Windows 10 UAC2 native driver summary

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bearcat
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Windows 10 UAC2 native driver summary

Postby bearcat » Thu Jul 05, 2018 6:54 am

Here's my summary of usage of the USB Audio 2.0 reference with the Windows 10 UAC2 native driver:

Reference software works with only item #1. I tested the XS1-L1 HS Audio Development, and a custom board correctly with Windows 10 April 2018 version.

Notes:

1 - Explicit Feedback only. This is more compatible anyways. Windows Native, Linux good. Apple prefers implicit.
Need to add this to customdefines.h:
#define UAC_FORCE_FEEDBACK_EP

2 - Windows installation.
Plugging in the device will load the native driver automatically, good. But if you are changing any enumeration, or option,
you must uninstall the driver in device manager, unplug the device, update the firmware or debugger, then
plug back in. Windows will not automatically reconfigure for the new settings, and comes up in an unknown state upon changes.

3 - Recommend using different PIDs and product names if debugging for each configuration.
Use #ifdefines for product and PIDs for each different option. Such as testing between 2 channels / 8 channels.
Windows will start enumerating if names are the same (1 - product name).
Using different PIDs keeps it operating without uninstalls, as long as the configuration doesn't change.

4 - Native driver supports more than 2 channels!
I enumerated and tested a custom board with 4 inputs and 8 outputs just fine.

5 - Bit Perfect.
If you use the WASAPI audio interface, the output is bit perfect, phase correct, and will change frequencies with the source material.

6 - Audio stop.
The USB stream will start and stop with the source. It does not stay running.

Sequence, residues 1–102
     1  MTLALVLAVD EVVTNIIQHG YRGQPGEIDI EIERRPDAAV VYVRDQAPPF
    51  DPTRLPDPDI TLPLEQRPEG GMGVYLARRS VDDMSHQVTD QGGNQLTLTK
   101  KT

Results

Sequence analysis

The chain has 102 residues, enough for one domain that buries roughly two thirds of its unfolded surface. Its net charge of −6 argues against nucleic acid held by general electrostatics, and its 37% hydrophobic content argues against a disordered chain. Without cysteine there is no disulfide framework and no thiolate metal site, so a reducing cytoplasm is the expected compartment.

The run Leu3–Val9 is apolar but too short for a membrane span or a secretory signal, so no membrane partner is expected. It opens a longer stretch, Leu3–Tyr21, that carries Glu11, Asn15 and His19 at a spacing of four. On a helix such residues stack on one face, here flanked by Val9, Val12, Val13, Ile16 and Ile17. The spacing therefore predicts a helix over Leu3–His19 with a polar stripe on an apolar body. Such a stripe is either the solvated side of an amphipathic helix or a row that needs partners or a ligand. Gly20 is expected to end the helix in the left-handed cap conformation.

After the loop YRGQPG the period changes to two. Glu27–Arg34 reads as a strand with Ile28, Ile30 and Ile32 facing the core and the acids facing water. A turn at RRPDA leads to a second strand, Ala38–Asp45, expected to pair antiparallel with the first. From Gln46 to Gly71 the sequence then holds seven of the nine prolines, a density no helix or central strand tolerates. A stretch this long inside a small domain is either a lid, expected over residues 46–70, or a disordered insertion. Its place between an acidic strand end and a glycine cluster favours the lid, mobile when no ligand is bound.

7 - 24 Bit supported.
Probably 32 also, but did not test.

8 - Works through a hub.

9 - Appears to support the full 16.16 range for feedback. I did not mask the 3 lowest bits and works correctly.

10 - Volumes.
Not sure here. With enumerated as 7.1 surround, playback lower. As 2 channel it was correct. Probably a windows item.

11 - Limitations.
1 - No clock selector (i.e. SPDIF, ADAT, etc). They allow one, but will not provide a means to change it. Support a clock interrupt (not a selector).
2 - No DFU. Need your own solution.
3 - Not sure about HID, did not test.
4 - No ASIO. But see #5 above.
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akp
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Postby akp » Thu Jul 05, 2018 1:41 pm

Great information! Thanks. Have you tried an inputs only config? That is generally the application I would be interested in. Would be interested to know the max channels -- especially on an inputs only config. I believe it is 8 if I understood the Microsoft document correctly.
bearcat
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Postby bearcat » Thu Jul 05, 2018 4:17 pm

Inputs only is fine. If you do inputs only, then #1 is applied without needing any changes. I did not test above 8 outputs, so not sure of the limit.

12 - Mixer not tested. I did not enable or test using the mixer option for the reference software.
bearcat
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Postby bearcat » Fri Jul 06, 2018 5:14 am

Let me correct myself above. I did not try an inputs only configuration. So I can't answer that one.

If you do outputs only (which I tried), it will then apply #1 automatically and does work.
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akp
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Postby akp » Fri Jul 06, 2018 9:22 am

OK, thanks. For my work I typically want lots of inputs but usually don't need any outputs (sometimes want one or two outputs). I suppose if it needs outputs I could redirect to /dev/null so to speak ;-)
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infiniteimprobability
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Postby infiniteimprobability » Tue Sep 04, 2018 10:26 am

@bearcat - Thanks for your excellent work in this area and comprehensive compatibility notes. They will be useful for many users.

As correctly pointed out the key to making the current UAC2 (USB audio class 2) reference design work "driverless" on Windows 10 1703 onwards is:

Code: Select all

-DUAC_FORCE_FEEDBACK_EP=1
in the Makefile.

Failure to do that will get an entry in the windows system log saying "The driver could not find a feedback endpoint for an asynchronous data OUT endpoint on device \Device\xxxxxx".

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